The United States, as of March 27th, 2020, has 82,250 confirmed cases of COVID-19 and has had 884 deaths as a result. The pandemic does not show any indication of slowing down, and to make matters much worse, there are tornado warnings for the coming weekend that are threatening to upend containment measures. On Tuesday, March 24th, a tornado ripped through Alabama and Mississippi. Only minor damage and injuries were reported, but this event has prompted concerns about how to manage the pandemic during a natural disaster, as the impending "tornado season" (spring) approaches.
SARS-CoV-2 is an unprecedented public health challenge that will require incredible effort to control and hopefully defeat; health officials are pleading with the public to stay inside, only leave when necessary, and to be hypervigilant about sanitation. Staying isolated means that the virus will have a slower transmission rate and will help hospitals manage the influx of COVID-19 patients gradually, instead of in a short period. Now with the looming prospect of a natural disaster occurring, those efforts may be undermined. As with any natural disaster, there are significant risks for infectious diseases to spread rapidly; however, given the COVID-19 pandemic that is currently tearing through the planet, any natural disaster, anywhere in the world, would have devastating consequences. A natural disaster is a significant event that can cause panic, injury, homelessness, and disease, so when one occurs during a global pandemic, the public needs to understand how to prepare themselves.
Many people will need to seek safer shelter, in terms of a tornado, that means hunkering down underground in a tornado shelter. If you do not have your tornado shelter, then you'll need to seek refuge in a community shelter. After the disaster is over, many people could have potentially lost their homes, which means they will find themselves either staying in a shelter or having to move into a relative's house. This means that people will inevitably be confined in overcrowded spaces, sharing resources and facilities If you are staying in a shelter, maintaining the recommended 6ft of the distance between you and other people would be impossible as would adequate hygiene practices if everyone is sharing the same facilities. All it would take is for one infected person in the shelter to infect dozens of others. The general rate of transmission is between 2-3 people, but when living in close quarters, that rate would be much higher.
More Panic Shopping
Another potential outcome of a tornado warning is that people often shop for supplies before, to be well-stocked throughout the storm. In "Tornado Alley" (Central USA), residents who have tornado shelters will need to make sure they are well provisioned if a tornado warning arises. More people shopping means the virus can easily transmit from one person to another.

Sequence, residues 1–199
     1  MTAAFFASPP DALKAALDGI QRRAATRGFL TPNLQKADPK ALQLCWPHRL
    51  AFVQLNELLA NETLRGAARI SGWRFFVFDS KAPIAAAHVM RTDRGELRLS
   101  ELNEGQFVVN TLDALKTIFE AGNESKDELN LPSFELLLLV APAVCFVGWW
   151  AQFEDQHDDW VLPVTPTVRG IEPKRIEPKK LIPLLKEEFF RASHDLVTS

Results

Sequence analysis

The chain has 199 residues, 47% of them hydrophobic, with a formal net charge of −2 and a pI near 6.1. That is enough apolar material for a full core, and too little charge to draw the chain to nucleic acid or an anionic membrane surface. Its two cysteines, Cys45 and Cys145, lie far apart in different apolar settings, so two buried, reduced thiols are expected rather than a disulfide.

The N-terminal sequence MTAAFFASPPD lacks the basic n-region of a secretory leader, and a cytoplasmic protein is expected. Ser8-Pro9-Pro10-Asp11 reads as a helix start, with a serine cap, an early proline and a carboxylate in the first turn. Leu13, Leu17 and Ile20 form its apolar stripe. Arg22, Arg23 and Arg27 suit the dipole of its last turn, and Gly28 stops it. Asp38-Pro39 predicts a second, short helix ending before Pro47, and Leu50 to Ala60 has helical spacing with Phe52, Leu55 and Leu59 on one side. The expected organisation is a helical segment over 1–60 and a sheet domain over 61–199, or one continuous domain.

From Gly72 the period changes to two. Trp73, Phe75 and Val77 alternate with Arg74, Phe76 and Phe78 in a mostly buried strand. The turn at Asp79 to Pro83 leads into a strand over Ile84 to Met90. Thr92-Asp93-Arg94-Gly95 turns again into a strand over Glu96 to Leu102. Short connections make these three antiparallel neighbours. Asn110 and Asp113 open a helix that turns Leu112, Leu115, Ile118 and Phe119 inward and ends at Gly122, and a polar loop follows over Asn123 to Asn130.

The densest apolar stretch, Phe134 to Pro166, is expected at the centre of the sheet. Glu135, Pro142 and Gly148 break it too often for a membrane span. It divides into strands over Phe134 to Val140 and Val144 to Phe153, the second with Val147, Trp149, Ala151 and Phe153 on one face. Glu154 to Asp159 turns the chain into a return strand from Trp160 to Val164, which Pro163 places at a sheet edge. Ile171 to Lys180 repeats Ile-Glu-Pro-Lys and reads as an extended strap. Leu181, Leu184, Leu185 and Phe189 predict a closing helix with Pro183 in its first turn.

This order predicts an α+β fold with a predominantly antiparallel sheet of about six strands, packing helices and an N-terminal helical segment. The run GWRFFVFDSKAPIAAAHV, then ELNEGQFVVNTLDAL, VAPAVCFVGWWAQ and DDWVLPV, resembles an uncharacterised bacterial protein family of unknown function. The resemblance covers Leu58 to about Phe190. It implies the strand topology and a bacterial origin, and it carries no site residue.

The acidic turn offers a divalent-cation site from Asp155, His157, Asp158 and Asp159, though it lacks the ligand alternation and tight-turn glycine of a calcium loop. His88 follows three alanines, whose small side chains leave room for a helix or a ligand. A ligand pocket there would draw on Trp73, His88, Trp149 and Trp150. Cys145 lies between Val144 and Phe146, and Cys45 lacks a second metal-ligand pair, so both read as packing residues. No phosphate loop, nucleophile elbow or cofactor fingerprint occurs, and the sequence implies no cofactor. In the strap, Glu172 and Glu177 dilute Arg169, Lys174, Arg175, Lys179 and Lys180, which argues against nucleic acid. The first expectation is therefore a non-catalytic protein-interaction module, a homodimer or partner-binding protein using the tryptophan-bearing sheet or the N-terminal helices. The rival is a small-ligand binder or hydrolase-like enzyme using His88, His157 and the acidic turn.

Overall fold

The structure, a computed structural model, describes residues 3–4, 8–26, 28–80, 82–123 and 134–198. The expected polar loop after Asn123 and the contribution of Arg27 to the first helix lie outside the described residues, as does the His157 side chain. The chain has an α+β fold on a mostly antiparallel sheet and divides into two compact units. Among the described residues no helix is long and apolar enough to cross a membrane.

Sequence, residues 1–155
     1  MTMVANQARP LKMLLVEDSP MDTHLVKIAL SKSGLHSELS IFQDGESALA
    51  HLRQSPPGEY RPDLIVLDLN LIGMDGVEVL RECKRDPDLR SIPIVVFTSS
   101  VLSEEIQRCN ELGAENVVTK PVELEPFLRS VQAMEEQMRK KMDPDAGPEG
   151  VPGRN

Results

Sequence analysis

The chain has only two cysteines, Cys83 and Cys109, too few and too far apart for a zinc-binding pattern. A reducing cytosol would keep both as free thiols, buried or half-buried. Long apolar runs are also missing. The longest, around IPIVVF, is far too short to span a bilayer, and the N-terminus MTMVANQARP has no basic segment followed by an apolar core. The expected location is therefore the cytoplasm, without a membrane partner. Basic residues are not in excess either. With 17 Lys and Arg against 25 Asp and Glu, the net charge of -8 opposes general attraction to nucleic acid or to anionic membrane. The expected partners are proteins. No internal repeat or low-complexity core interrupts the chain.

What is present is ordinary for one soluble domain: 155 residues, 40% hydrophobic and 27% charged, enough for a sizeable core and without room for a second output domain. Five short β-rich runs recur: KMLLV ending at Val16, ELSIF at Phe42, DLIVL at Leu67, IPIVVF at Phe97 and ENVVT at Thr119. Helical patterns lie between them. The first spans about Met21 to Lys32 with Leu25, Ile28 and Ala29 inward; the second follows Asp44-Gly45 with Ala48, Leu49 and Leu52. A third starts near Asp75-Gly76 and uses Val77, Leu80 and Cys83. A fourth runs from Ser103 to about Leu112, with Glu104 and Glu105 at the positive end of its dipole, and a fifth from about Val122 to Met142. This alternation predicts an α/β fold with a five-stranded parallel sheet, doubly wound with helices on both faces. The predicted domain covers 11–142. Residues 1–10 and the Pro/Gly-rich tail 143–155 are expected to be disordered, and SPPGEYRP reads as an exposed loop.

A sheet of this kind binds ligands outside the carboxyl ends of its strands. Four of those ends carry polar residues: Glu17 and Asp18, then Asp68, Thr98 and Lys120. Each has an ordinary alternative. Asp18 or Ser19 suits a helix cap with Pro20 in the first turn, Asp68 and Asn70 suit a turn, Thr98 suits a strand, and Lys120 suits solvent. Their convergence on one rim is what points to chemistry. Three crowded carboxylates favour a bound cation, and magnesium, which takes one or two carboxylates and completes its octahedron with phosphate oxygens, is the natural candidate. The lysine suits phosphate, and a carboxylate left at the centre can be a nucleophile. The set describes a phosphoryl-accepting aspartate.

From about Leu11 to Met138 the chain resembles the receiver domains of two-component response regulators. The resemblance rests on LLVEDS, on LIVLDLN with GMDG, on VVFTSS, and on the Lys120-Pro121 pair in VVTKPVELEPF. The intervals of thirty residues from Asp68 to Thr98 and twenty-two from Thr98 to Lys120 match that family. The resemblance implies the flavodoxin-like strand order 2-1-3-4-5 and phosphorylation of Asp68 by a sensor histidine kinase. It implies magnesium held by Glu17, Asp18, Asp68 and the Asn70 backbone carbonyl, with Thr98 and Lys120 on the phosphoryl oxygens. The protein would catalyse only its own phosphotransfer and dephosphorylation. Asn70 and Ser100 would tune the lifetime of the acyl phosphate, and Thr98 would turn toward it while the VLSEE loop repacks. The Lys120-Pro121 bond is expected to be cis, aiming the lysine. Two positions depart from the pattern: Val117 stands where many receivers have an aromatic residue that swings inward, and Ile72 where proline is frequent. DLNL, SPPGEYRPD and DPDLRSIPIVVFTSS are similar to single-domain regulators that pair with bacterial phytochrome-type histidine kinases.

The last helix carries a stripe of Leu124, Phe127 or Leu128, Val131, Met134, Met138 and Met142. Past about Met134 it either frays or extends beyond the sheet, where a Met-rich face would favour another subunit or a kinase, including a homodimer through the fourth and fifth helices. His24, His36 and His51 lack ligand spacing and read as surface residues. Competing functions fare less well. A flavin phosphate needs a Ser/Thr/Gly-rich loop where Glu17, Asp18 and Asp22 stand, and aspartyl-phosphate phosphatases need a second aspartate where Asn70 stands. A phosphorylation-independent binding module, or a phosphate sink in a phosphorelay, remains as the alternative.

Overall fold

Strain On Hospitals
Another eventuality that occurs during a natural disaster is the increase in hospitalization due to injury. The medical system is already under an overwhelming amount of pressure due to an unusual influx of coronavirus patients, the necessity to keep everything pristine and sterile to limit transmission of the virus, and now many hospitals are reporting a shortage of medical supplies like masks and gloves; any more strain on the medical facilities would be detrimental. Healthy natural disaster patients arriving in the ER would have an increased risk of contracting the coronavirus.
Shelter or Social Distancing?
According to AccuWeather, should there be a tornado warning for your area, a shelter must be your top priority. When checking into a shelter, if you are sick, you should inform the manager immediately, and everyone, regardless of illness, should be extremely diligent about coughing or sneezing into their elbows, washing their hands as much as possible.
How Can You Be Prepared?
There are many ways you and your family can prepare for the worst while still hoping for the best. Firstly, you should make sure your children understand the safety and evacuation protocols; this is especially important if your children are home alone while you are at work (as an essential worker). Make sure you have a bag packed with a few days worth of clothes and pack any supplies that you have on hand, for example, snacks, water, toiletries, disinfectant wipes, disinfectant spray, disinfectant hand gel, and rubbing alcohol (70% minimum). Lastly, gather any first aid supplies and medications that might come in handy (antidiarrheals, allergy pills, cough syrup, paracetamol, and ibuprofen, etc.)
Keep yourself and others informed about COVID-19 and any severe weather warning by saying up to date with the information with a reliable source in your area. Prepare yourself and your family, talk to your children about what is happening, and follow the instructions of local authorities to ensure your safety and the safety of your community.
About the Author
Chelsie Joy writes a travel blog, Joy Adventures and is based out of Montréal, Canada. Having taught in South Korea, UAE, and Czech Republic, she has had the opportunity to travel widely and developed a passion for writing about her adventures. She specializes in writing about travel, fitness, the arts, and the environment.
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